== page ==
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For what values of j does the equation (2x + 7)(x + 43) = -5 + jx have exactly one real solution? Express your answer as a list of numbers, separated by commas.

 Jan 31, 2021
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For what values of j does the equation (2x + 7)(x + 43) = -5 + jx have exactly one real solution? Express your answer as a list of numbers, separated by commas.

 

Hello Guest!

 

\((2x + 7)(x + 43) = -5 + jx\\ 2x^2+86x+7x+301+5-jx=0\\ 2x^2+(93-j)x+306=0\)

\(x = \large {93+j \pm \sqrt{ (93+j)^2-4\cdot 2\cdot 306} \over 2\cdot 306}\)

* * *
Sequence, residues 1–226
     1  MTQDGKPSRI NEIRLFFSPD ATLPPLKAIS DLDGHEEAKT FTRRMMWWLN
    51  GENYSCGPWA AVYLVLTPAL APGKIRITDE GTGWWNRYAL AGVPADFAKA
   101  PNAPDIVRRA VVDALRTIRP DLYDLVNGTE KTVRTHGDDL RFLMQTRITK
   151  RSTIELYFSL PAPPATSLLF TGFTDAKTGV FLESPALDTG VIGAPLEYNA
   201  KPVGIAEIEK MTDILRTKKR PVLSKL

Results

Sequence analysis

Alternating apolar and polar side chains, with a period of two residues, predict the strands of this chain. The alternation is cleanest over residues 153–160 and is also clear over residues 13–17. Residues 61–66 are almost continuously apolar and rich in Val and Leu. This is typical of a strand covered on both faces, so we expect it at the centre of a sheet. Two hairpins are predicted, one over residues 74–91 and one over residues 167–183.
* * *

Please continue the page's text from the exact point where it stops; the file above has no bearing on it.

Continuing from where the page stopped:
\( (93+j)^2-4\cdot 2\cdot 306\geq 0\\ 8649+186j+j^2-2448\geq 0\\ j^2+186j+6101\geq 0\)

\(j=-93\pm \sqrt{8649-6101}\\ j=-93\pm 50.478\)

\(j\in \{-42.522,-149.477\}\)

 

If the value of \(j\in \{-42.522,-149.477\}\),

the equation (2x + 7) (x + 43) = -5 + jx has exactly one real solution.

 

If the value of

\(j\in \mathbb R\ |-149.477\leq j\leq -42.522\),

the equation (2x + 7) (x + 43) = -5 + jx has  two real solutions each.

laugh  !

 Jan 31, 2021
edited by asinus  Jan 31, 2021
edited by asinus  Jan 31, 2021
edited by asinus  Jan 31, 2021
edited by asinus  Jan 31, 2021

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